As Dr. Darrell Tan puts it, it was a convergence of many roads that led him to a research career in HIV. As an undergraduate in microbiology and immunology at McGill, Dr. Tan took an interest in international issues. “I found immunology and microbiology interesting and at the same time I became interested in problems of the developing world,” explains Dr. Tan. “I started to see the links between what I was learning in microbiology classrooms and what I was learning in international development and about the challenges that face us.” At the same time, coming out as a gay man and becoming part of a community that was marginalized and deeply affected by the HIV epidemic made the content hit close to home for Dr. Tan. “I realized that research in infectious diseases more broadly and HIV in particular was a career in which I felt I could have impact.”
Today, Dr. Tan’s research looks at HIV/AIDS prevention and treatment, and the management of associated sexually transmitted co-infections and co-morbidities. Currently, Dr. Tan and his colleagues, supported by CIHR, the CIHR Canadian HIV Trials Network, and OHTN, are conducting an open label clinical trial of daily oral Truvada as pre-exposure prophylaxis (PrEP) for MSM (Men Who Have Sex With Men) in Toronto. Its aim is to provide a real-world view on the use of PrEP. “We know from clinical trials that this intervention works to prevent HIV transmission when compared in a randomized placebo controlled fashion,” explains Dr. Tan. “But questions remain about PrEP implementation and uptake. How would people adhere to it? What will their experience with it be? What, as clinicians, can we do to support them?” The study also has a community based component where they will be evaluating the importance of community based organizations in referring patients to study, the type of patients they refer, and the organizations role in the rollout of and adherence to PrEP. The community based portion of the study is key as Dr. Tan feels that people’s realities are not always taken into account in research. “We need to find a way to reach people that is going to resonate with them. We need to find ways to support people in taking up interventions that we know have biologic efficacy.”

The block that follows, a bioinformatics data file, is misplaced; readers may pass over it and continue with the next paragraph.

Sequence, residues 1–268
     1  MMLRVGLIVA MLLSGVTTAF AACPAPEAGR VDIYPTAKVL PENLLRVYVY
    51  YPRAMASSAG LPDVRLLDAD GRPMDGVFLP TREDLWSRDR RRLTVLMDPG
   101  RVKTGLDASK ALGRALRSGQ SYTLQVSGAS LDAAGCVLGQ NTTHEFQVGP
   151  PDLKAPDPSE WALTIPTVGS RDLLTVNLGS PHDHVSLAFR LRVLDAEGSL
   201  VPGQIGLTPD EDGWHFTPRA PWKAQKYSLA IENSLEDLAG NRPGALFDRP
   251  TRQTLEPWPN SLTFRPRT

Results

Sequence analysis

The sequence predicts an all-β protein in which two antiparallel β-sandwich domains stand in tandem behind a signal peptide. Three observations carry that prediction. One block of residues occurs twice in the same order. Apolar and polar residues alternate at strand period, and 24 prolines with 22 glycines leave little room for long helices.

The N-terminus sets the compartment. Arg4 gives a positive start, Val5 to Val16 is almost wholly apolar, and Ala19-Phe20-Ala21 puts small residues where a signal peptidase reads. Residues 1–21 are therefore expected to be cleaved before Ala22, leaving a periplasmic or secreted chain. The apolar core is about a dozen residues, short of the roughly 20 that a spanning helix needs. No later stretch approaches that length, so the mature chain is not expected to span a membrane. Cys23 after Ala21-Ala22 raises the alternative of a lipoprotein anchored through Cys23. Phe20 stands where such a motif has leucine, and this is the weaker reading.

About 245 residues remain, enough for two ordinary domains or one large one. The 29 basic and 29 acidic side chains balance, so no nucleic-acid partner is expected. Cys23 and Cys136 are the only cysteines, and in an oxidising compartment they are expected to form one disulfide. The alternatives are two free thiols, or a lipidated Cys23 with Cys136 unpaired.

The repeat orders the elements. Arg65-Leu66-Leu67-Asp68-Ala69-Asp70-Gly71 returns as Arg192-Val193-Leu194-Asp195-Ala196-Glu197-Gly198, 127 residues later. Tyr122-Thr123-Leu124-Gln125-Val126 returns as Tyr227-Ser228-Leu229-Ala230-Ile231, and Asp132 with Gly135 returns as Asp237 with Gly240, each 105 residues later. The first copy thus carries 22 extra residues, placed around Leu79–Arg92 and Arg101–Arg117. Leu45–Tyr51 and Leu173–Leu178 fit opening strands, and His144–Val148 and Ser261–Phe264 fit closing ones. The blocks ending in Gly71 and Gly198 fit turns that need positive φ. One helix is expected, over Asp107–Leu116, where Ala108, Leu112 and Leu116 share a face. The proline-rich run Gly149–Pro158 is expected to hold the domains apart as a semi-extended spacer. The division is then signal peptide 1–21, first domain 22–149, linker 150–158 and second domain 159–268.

Another project that is ongoing for Dr. Tan and his colleagues is a clinical trial studying the anti-herpes medication valacyclovir. Supported by CIHR and the CIHR Canadian HIV Trials Network, he is conducting a placebo controlled randomized trial that is looking at whether valacyclovir slows HIV disease progression in people who are not on antiretroviral therapy. Initially, the study was conceived because herpes was thought to inversely impact HIV disease progression and by treating herpes, HIV progression could be slowed. However, some recent studies have questioned this relationship. But as Dr. Tan explains, “We’ve seen some other studies that suggest valacyclovir may be an anti-HIV drug in and of itself which suggests another mechanism by which it may be helpful.” In cases where antiretroviral therapy is delayed (in certain patients and according to guidelines in other countries), valacyclovir might be a way of treating HIV in the meantime. “It gives people the opportunity to get used to taking medication each day,” says Dr. Tan.
For Dr. Tan, it is still the opportunity to make a difference that inspires his work. “A few decades into this epidemic , STIs among HIV infected and at risk people as well as the HIV epidemic itself continue to be major problems; particularly concentrated in the MSM community,” says Dr. Tan. “I think the fact that this persists despite all the tremendous successes we have had is a real calamity. We can do better… and we should do better.”
The Canadian Association for HIV Research (CAHR), the CIHR HIV/AIDS Research Initiative, the Canadian Foundation for AIDS Research (CANFAR), the CIHR Canadian HIV Trials Network (CTN) and the Canadian HIV Vaccine Initiative (CHVI) Research and Development Alliance Coordinating Office (ACO) would like to thank Dr. Tan and his colleagues for their significant contributions to our understanding of HIV. Their work is part of a larger Canadian effort that is making a difference in the lives of those affected by HIV in Canada and around the world.